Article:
When a whale dies and its body sinks into the deep sea, this does not mean the end of life. On the contrary, the giant carcass of whales will form a prosperous ecosystem in the next few decades or even hundreds of years, providing a steady flow of nutrients for various seabed creatures. As large as hagfish, sleeping sharks, deep-sea crabs, and as small as deep-sea anaerobic bacteria, they can be nourished by whale carcasses. On the dark seabed, this kind of life island formed by whale carcasses is called a whale fall.
Man is an “ecosystem” with 10 trillion microorganisms
Modern people often call themselves an island, which may be expressing a touch of sadness. But in physiology, this sentence is true-there are more than 100 million microbial communities in the human body, and the total number of microbes exceeds 10 trillion, covering bacteria, fungi, viruses, and even a small part of them from ancient times. Archaea from here.
If the human body is compared to the earth, then the skin, intestines, mouth, respiratory tract and other parts are the African savannah of microbes. They eat and live together in these places, not only relying on the nourishment of the human body, but also acting on the human body and affecting the body. Function, forming a harmonious ecosystem.
It can be said that everyone’s body is a miracle of life even more miraculous and magnificent than a whale.
Professor Jero Enray from the University of Leuven in Belgium is the world’s top microbiologist. He discovered the relationship between microbes and human depression and said: “You are not only a person, but also a walking flora.”
There are many human ancestors, and microorganisms are one of them. However, seeing this, some people may still be drumming in their hearts: What will they do to me with so many microorganisms?
What the microbes in the body do to us
First, they may change our genes.
It has been found that 8% of the sequences in the human genome are derived from retroviruses; and scientists have analyzed that 145 gene segments in humans come from bacteria, viruses and other microorganisms. In other words, the ancestors of contemporary people on earth are not entirely human, and some are bacteria and viruses.
Don’t panic first, these microbial gene fragments have entered the human genome little by little through accidental gene exchange events one after another during the long human evolutionary process.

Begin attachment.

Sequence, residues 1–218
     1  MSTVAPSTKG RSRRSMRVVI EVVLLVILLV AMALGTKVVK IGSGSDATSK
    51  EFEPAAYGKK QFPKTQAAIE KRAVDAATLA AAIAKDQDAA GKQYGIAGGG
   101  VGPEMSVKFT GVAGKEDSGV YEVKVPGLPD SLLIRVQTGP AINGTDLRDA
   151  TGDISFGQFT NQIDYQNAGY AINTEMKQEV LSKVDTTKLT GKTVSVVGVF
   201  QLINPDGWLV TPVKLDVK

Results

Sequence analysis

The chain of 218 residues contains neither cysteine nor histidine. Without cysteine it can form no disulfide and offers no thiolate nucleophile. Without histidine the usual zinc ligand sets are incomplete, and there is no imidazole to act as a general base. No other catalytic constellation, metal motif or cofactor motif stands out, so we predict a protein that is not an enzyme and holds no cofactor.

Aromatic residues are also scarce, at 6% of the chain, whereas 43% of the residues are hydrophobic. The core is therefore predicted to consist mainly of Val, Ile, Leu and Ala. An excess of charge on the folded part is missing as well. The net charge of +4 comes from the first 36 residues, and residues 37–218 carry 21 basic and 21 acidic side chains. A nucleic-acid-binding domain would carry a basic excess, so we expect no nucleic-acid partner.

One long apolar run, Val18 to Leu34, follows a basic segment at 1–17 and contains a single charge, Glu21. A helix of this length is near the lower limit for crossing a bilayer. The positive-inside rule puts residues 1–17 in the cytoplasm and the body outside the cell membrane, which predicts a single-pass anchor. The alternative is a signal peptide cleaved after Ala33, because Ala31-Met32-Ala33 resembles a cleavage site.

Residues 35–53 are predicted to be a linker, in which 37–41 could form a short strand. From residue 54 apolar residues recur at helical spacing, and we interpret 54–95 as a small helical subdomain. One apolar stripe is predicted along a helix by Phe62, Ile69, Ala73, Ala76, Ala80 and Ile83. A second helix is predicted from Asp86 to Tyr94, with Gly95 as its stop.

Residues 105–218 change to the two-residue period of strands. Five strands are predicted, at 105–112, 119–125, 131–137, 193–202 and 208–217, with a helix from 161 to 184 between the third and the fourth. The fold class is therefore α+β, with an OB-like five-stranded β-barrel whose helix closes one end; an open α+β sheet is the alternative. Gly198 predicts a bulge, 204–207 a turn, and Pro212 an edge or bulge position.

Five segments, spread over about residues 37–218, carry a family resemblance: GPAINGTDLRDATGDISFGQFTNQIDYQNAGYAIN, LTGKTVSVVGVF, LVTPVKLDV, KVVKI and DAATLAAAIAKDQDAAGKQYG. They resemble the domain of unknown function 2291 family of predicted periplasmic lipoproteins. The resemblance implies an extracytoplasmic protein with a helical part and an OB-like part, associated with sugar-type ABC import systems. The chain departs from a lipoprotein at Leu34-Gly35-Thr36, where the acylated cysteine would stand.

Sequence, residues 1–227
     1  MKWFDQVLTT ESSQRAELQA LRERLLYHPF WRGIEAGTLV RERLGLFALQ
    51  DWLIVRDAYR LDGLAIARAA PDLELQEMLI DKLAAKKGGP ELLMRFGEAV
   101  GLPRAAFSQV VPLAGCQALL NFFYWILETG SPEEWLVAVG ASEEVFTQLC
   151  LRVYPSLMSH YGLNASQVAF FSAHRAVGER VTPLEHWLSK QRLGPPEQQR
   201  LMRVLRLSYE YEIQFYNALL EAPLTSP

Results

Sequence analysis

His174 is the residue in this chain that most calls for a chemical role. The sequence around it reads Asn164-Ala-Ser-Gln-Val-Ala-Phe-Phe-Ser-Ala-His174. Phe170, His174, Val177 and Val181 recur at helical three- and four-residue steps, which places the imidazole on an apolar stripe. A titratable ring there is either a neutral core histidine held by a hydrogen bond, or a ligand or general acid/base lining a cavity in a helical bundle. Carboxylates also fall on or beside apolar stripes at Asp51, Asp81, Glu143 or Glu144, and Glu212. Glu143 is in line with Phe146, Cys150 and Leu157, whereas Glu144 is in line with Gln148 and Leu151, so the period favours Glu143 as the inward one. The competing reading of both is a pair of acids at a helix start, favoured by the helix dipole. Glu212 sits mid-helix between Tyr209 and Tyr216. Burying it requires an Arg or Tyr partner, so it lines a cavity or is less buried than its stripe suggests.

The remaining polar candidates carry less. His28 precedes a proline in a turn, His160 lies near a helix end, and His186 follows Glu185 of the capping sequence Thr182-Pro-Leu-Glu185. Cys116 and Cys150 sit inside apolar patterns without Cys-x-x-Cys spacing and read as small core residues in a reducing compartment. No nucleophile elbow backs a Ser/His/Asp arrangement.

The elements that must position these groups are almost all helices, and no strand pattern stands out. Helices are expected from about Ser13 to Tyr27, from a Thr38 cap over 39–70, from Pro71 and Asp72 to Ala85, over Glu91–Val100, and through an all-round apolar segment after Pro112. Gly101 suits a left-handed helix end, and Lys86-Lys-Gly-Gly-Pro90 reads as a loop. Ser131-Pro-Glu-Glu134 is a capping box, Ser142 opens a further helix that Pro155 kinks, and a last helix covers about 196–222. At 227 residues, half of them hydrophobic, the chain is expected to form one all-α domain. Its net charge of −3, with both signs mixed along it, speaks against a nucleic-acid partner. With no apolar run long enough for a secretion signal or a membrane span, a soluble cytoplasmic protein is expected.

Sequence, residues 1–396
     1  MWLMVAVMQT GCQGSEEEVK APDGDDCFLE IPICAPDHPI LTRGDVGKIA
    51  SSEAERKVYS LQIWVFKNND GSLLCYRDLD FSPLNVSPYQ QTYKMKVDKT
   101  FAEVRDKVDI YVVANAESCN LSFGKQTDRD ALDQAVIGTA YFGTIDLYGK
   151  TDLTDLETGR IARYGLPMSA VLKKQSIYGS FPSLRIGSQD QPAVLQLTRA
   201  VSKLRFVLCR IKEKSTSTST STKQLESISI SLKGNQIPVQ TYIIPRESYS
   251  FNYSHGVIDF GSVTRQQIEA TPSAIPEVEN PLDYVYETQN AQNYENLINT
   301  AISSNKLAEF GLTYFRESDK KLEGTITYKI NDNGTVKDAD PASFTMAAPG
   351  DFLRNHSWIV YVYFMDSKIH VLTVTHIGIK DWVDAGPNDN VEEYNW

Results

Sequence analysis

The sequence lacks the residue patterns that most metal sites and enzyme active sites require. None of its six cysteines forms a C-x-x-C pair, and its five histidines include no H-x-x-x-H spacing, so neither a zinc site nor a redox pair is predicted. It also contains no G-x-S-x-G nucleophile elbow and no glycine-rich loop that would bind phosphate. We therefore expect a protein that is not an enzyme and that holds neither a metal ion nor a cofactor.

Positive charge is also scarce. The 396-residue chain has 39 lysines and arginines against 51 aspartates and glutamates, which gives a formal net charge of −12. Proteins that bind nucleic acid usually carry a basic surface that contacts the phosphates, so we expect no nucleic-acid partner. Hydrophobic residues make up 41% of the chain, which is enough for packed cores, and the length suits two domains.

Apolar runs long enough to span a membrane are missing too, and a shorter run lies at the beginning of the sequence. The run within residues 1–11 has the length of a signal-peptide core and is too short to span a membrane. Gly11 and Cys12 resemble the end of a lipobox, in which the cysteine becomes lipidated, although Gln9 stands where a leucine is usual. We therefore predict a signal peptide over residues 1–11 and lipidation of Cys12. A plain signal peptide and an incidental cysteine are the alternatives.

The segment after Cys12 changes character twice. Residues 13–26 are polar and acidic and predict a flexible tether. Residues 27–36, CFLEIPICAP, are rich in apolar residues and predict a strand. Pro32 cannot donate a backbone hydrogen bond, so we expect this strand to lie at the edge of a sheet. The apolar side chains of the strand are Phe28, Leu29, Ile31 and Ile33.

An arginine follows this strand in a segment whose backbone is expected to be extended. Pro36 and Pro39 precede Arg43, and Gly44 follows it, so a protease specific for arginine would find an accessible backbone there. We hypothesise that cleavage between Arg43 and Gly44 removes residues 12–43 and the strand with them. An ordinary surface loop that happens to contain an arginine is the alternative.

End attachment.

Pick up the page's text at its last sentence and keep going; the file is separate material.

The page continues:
As for the impact on the human body, it is still unclear. However, anyway, they have existed in the human genome for at least hundreds of thousands of years. They can be regarded as ancestral chromosomes.
Although there is no way for the genome, scientists are paying more and more attention to the microorganisms that are still alive on the human body. Such as the intestinal flora. Studies have found that when inflammatory bowel diseases such as Crohn’s disease and ulcerative colitis occur, the intestinal flora will also change significantly. Oral probiotics such as bifidobacteria can adjust the intestinal flora and have a therapeutic effect on many intestinal diseases. This is also the basic operation of gastroenterology and pediatrics for many years.
What is skin microecology
As we all know, the skin is also an important town where human microorganisms live. In skin microorganisms, 74%～80% are bacteria, 5%～10% are fungi, and 10%～20% are viruses. Among them, the most concerned is the role of various bacteria in skin diseases.
From the example of the intestinal tract, we know that adjusting the local microecology can treat and prevent diseases in related parts. Can this experience be applied to the skin?
Just imagine, if we can adjust the microecology of the skin surface by some means, so as to achieve the treatment of skin diseases, and even achieve the effects of whitening, anti-itching, and anti-aging, it will definitely be the scientific community’s understanding of skin diseases. A huge revolution in treatment methods.